The three ontologies envisioned by Plato (each original and originating) are materialism (aka only what can be touched is real aka the giants), idealism (only what can be conceived is real aka the gods) and both of these together (as held by the childish philosopher or philosophical child). The third is necessary if Being is plural. But the first and second are equally necessary if the third is their combination or “dialogue”.
McLuhan’s project was a reprise of these points aka (in Whitehead’s phrase) “a series of footnotes to Plato”.
Here he submits that Being is plural, that it entails contesting “universal forms of experience” and that this contest of “universal forms” is synchronic and “now”:
One of the amazing things about electric technology is that it retrieves the most primal, the most ancient forms of awareness as contemporary. There is no more “past” under electric culture: every “past” is now. And there is no future: it is already here. You cannot any longer speak geographically or ideologically in one simple time or place. Now, today, we are dealing with universal forms of experience. (‘Electric Consciousness and the Church’, 1970)4
Here he characterizes the contest of “universal forms” (often styled “environments” by McLuhan) as a “war” between “worlds” in which a third form (“a two-way bridge”) is also at work:
There does exist, then, a two-way bridge between the traditional and technological worlds which are at war in Western culture. But it has been officially ignored or condemned. To travel this bridge requires of the traveller an acquaintance with the language and techniques of poetry [aka the ear world] on the one hand, and of the language and techniques of painting, architecture, and the visual world [aka the eye world] on the other. Few are prepared to acquire both languages and so the war between these worlds continues, waged witlessly in classroom and market-place alike (‘Space, Time, and Poetry’, Explorations 4, 1955)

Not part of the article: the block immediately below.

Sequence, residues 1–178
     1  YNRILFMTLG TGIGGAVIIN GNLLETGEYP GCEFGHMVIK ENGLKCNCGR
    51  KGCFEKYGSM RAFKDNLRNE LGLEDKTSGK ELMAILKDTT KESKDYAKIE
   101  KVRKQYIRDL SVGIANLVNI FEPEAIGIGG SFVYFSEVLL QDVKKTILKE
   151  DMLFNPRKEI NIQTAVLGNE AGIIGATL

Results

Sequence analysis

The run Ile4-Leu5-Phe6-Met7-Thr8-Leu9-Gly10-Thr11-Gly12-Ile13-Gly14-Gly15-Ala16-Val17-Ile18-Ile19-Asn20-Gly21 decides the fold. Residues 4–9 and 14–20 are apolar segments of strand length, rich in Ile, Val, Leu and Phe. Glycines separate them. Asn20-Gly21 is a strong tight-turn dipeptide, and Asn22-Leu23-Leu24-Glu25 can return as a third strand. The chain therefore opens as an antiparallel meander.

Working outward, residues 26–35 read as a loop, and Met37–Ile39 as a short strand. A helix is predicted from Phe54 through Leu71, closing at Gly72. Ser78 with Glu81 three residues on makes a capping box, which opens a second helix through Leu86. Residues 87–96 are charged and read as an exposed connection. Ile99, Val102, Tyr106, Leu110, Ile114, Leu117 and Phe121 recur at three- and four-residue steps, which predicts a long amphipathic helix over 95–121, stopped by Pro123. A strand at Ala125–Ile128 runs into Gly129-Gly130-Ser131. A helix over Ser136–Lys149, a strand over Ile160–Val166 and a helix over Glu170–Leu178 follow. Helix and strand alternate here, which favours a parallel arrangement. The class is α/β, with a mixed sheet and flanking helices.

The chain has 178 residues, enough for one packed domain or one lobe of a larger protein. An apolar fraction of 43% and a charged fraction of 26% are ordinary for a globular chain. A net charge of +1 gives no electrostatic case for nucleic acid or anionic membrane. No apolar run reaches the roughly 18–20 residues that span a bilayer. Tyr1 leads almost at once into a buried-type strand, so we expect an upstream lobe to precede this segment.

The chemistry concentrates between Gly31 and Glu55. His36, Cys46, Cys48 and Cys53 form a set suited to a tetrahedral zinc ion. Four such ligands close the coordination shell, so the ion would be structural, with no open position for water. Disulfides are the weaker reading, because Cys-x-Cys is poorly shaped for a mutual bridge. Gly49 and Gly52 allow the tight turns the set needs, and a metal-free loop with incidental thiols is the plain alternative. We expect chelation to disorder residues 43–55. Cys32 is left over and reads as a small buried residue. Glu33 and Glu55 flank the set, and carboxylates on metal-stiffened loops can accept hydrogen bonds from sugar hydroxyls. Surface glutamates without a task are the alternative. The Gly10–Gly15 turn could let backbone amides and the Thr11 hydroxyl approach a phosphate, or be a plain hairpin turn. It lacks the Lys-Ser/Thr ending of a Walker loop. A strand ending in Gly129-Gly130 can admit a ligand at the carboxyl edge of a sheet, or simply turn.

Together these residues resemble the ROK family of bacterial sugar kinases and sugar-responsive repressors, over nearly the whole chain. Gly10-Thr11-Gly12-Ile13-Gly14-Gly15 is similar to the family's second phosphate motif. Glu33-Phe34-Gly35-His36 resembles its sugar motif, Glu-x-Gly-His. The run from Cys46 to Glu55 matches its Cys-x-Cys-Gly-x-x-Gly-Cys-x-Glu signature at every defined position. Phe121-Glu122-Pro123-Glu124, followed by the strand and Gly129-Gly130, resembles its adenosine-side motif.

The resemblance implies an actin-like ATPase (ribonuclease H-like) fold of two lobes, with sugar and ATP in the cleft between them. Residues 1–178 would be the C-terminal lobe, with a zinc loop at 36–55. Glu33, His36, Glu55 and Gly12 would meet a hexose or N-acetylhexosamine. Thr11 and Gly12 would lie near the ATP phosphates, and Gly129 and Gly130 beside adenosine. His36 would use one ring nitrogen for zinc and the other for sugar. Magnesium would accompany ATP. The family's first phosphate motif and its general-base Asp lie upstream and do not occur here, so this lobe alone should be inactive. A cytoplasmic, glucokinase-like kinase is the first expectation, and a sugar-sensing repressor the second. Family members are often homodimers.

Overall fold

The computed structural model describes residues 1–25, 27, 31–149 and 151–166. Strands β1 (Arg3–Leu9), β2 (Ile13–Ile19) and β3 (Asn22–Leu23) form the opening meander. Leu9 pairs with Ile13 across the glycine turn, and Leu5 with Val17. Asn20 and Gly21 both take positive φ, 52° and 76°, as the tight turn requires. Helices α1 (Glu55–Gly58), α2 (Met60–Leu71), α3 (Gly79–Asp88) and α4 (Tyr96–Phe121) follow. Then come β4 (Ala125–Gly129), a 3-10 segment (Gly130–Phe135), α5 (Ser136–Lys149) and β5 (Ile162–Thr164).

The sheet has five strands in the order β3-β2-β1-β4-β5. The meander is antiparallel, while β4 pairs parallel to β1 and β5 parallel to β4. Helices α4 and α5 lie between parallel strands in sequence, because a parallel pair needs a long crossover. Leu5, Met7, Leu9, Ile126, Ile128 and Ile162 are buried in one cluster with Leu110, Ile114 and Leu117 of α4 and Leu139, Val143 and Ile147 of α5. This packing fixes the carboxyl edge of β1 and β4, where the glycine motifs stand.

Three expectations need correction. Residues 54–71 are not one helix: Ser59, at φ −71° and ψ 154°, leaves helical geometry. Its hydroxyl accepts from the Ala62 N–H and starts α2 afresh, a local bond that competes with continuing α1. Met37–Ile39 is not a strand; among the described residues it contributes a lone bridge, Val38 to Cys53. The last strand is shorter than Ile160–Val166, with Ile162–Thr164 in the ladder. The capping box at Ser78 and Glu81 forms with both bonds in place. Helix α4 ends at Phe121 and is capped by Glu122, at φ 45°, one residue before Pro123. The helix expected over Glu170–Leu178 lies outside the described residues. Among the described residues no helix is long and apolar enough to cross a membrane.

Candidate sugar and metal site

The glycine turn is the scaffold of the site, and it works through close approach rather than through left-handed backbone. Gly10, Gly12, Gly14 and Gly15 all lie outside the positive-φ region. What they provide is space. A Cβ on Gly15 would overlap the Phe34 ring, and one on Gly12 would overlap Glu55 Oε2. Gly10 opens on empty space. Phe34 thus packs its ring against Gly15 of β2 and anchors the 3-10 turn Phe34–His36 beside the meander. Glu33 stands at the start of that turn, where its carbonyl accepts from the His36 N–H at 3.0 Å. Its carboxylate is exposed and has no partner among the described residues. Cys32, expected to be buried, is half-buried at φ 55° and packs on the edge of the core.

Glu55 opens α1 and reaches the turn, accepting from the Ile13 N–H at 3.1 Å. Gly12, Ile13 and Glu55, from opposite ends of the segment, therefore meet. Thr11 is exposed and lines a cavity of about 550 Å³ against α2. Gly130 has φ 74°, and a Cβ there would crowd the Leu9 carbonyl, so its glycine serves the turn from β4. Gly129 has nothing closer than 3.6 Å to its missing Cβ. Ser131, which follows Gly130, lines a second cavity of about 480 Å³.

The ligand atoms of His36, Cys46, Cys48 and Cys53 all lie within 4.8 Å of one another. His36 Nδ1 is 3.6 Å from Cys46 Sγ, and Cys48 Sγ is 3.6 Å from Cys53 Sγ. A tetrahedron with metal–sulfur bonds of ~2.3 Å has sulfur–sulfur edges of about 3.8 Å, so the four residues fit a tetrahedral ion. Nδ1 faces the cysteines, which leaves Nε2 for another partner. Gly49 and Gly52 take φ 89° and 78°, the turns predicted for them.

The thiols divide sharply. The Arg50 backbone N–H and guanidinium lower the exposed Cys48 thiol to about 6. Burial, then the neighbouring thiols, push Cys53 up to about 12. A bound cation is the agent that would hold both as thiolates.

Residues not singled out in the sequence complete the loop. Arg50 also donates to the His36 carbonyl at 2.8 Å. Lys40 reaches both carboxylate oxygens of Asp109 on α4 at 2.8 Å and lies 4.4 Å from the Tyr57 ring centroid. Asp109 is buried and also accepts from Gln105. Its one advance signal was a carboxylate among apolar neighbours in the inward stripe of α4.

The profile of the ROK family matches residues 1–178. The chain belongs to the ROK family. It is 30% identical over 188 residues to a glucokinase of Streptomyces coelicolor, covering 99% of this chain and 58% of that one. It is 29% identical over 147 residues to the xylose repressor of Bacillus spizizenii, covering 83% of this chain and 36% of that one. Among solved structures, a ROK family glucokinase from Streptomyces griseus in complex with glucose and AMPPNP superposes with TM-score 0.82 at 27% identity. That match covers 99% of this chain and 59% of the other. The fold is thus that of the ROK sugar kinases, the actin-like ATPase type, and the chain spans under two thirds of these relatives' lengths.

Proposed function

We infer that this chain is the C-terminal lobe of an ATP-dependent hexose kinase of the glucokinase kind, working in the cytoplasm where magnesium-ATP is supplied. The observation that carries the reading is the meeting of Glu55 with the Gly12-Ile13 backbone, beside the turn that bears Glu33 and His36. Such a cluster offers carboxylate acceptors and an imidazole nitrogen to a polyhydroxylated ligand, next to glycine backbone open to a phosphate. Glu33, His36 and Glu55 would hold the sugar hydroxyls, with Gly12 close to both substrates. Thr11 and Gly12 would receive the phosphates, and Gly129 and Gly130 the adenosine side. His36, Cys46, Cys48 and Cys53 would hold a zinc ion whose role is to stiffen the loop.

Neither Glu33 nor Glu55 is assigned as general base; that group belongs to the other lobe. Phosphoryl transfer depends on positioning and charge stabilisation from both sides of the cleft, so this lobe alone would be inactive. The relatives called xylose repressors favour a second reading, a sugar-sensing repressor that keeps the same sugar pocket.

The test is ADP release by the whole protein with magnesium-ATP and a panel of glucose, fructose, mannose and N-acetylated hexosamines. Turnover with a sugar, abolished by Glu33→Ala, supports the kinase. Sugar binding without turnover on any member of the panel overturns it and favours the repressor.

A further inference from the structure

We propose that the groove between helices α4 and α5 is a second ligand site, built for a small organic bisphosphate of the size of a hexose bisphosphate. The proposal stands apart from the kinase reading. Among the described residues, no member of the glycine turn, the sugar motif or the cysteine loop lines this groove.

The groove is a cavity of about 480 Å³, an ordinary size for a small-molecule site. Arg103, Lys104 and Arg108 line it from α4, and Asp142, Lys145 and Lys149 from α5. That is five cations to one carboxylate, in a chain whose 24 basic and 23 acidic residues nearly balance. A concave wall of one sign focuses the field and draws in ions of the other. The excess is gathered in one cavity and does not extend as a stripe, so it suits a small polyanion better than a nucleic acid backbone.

Here he defines the three “universal forms” in the same terms as Plato, the “idealists”, the “practical men” and “dialogue”:
The idealists share with the experienced and practical men of their time the infirmity of substituting concepts for percepts. Both concentrate on a clash between past experience and future goals that blacks out the usual but hidden processes of the present. Both ignore the fact that dialogue as a process of creating the new came before (Take Today 22)
The “practical men of their time” are those entrepreneurial “giants” who “drag everything down to earth out of heaven” and who “strenuously affirm that real existence belongs only to that which can be handled” or otherwise managed5. “They define reality as the same thing as body, and as soon as one of the opposite party asserts that anything without a body is real, they are utterly contemptuous and will not listen to another word.” The “idealists” or “Peter Pans“, in contrast, “are very wary in defending their position somewhere in the heights” of their ivory towers. Opposed to both, but in such a way as to unite them (as its name implies), is the third position of “dialogue” holding that “reality or the sum of things is both at once”.